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Psych Ward


It started at the end of the fifteenth century. A cohort of brutal, sociopathic Europeans, fresh from the torture rooms of the Spanish Inquisition, and later from duty in the religious wars, arrived on American shores to kick butt. By 1610, they and their successors, by steel sword, axe, knife, and pike, biological pathogens and very occasionally by blunderbuss, had killed fifty million largely stone-age indigenous people.  In the northern temperate zone of this vast continent, some of those mass murderers became the founding patients of the Psych Ward; others followed, less blood thirsty perhaps, but they too quickly adopted the deadly imperial ethos established by those first conquerors. This is the institution in which we Americans now find ourselves immured.

Today, we continue to condone, as we whimper in our cells, condos or McMansions, institutional killing at an industrial scale. We continue to countenance the training of thousands of killers (otherwise known as ‘our boys’) in ‘boot camps’ where their sensitivities towards evisceration and ensanguining are blunted, and many thousands more men and women who directly support them logistically, nutritionally and medically. We continue to revere the executives who command them and who themselves train in elite colleges where they are taught the fine arts of chemical, ballistic, incendiary and steel-edged death. They are taught both the mastery of their death cadres and of elaborate technical methods for the destruction of transportation networks, food production, water supplies, shelter and culture; some may graduate with minors in wreaking political mayhem, plundering and the practice of torture and mind control.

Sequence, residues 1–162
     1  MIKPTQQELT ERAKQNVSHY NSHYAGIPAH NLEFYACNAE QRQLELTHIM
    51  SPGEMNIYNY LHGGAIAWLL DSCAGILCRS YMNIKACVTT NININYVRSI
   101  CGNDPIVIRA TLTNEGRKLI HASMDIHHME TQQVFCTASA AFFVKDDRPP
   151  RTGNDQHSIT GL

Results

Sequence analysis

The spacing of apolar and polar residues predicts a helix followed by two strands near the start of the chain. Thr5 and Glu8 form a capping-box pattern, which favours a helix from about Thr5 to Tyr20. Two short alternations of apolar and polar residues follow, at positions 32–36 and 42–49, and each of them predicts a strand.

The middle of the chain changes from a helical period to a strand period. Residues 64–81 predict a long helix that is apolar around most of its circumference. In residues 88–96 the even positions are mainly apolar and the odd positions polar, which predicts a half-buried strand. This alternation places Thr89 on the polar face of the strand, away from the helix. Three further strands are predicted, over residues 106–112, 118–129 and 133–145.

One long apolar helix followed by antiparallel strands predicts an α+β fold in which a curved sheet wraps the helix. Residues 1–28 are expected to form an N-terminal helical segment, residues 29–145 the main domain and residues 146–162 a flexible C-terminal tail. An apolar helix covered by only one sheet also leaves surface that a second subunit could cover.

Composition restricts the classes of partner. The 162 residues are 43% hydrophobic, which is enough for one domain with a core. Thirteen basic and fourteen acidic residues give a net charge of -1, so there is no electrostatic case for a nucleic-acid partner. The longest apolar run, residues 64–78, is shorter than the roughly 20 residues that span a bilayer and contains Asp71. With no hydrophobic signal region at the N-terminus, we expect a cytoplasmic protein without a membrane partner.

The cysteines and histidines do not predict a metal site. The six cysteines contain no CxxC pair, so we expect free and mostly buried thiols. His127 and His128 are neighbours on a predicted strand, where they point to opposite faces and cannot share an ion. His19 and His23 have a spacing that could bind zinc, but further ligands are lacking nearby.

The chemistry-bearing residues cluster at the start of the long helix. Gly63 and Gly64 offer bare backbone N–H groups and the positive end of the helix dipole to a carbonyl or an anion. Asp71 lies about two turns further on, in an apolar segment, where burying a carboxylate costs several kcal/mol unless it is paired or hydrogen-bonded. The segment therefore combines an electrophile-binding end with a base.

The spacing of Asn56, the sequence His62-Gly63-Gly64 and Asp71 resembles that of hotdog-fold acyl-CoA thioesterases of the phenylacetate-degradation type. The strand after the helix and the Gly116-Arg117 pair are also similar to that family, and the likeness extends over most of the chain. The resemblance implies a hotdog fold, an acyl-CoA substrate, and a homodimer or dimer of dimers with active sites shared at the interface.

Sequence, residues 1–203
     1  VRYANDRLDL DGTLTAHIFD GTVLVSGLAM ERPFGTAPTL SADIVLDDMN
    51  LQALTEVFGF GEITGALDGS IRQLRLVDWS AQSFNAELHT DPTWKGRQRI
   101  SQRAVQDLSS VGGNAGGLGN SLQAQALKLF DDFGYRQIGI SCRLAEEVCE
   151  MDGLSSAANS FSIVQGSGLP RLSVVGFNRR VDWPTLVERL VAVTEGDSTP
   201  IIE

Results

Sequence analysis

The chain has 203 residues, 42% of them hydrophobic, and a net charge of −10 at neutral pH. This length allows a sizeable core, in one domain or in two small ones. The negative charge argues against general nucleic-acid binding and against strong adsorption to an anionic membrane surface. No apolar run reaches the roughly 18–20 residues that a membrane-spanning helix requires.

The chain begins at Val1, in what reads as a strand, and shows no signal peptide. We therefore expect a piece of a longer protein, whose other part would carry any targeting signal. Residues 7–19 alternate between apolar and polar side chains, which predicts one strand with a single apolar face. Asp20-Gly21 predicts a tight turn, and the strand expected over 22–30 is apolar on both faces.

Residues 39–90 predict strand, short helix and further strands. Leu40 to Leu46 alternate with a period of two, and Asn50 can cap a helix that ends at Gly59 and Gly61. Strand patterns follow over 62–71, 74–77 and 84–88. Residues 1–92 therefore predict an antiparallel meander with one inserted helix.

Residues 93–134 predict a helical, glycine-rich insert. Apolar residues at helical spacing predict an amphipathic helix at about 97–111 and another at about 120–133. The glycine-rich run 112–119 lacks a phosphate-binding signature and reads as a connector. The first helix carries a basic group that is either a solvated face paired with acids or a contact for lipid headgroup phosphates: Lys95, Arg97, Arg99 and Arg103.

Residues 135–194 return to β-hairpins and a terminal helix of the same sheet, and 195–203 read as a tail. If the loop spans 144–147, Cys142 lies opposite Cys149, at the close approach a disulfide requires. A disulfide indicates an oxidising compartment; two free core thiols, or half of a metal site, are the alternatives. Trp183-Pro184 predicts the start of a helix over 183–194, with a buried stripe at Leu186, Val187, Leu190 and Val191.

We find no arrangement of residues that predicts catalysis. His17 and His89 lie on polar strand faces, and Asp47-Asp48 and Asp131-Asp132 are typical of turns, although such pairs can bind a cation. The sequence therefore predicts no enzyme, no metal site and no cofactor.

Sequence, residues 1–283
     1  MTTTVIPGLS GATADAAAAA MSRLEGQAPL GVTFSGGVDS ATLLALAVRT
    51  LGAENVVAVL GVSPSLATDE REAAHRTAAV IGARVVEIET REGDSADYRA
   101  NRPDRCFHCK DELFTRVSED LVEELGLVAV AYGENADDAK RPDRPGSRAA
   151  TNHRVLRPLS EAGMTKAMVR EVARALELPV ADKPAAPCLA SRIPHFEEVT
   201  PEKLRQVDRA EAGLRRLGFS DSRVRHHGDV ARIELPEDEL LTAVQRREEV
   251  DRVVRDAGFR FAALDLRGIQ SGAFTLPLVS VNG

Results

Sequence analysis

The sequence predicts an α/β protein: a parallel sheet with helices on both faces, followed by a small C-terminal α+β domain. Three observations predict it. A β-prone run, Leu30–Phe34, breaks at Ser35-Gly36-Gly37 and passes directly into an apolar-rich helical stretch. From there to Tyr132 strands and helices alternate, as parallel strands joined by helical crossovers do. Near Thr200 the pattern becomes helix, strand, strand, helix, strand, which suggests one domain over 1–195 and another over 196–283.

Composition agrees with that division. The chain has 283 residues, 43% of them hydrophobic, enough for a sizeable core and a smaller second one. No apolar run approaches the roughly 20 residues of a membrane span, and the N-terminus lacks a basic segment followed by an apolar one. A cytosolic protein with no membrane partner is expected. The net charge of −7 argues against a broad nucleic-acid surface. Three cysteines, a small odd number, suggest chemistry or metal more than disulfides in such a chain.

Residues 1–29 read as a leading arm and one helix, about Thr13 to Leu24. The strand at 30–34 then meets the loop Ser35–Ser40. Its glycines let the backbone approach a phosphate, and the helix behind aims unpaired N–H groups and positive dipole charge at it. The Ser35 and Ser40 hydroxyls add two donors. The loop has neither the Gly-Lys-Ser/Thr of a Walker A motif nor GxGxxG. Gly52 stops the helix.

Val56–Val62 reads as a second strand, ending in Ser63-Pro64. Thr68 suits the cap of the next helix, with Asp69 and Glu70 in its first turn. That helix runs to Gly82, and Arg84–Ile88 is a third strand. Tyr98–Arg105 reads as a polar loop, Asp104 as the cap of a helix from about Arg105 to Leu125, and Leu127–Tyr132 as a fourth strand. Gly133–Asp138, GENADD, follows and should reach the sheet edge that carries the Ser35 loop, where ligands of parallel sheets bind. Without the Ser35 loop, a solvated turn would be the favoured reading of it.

From 1610, a year now marked in honor of the fact that native cultures had been destroyed to the point where vast acreages of temperate and tropical forests had replaced their seasonally burnt hunting and gathering fields and thus established the benchmark for the global encapsulation of CO2, behavior within the Psych Ward changed little. The patients’ mission to destroy lives, settlements, agricultures, self-sufficient cultures and their ecosystems remained in place – rationalized by their desire for treasure and the satiation of their blood lust.

At the end of the century, as their psychoses began to metastasize, the patients turned in on themselves and murdered, by hanging, twenty women who spoke against the Ward’s ethos and established themselves as people of peace, or who embraced their sexuality or who declared their independence from the domineering men who exemplified the prevailing, and much honored, sicknesses of the mind.

Although partly peopled by those in search of the freedom to worship their monotheistic deity, increasingly, the population of the Ward transferred their religious allegiance to the Market, where the bounties reaped from the spilling of blood were traded one against the other in a downwardly spiraling death frenzy of exploitation. Nothing remained sacred except the Market. Man and beast, ecosystems and mineral deposits were sacrificed to this deity’s ceaseless demands for more, ever more, of everything.

In the eighteenth century, this ‘everything’ began to include the trafficking of Africans stolen from their homes, families and cultures and shipped to the burgeoning plantation economies of the Ward. In a vicious triangular trade between Britain, Africa and America – from whence flowed mostly the drug crops of sugar and tobacco – those that survived the Middle Passage slaved for their enslavers and bred new slaves for their master’s sexual and economic gratification; from Europe came the fine goods that fell into the maw of the Ward’s omnivorous Market. The by then ritualized killing of natives and the stealing of their lands continued through the years in desultory fashion.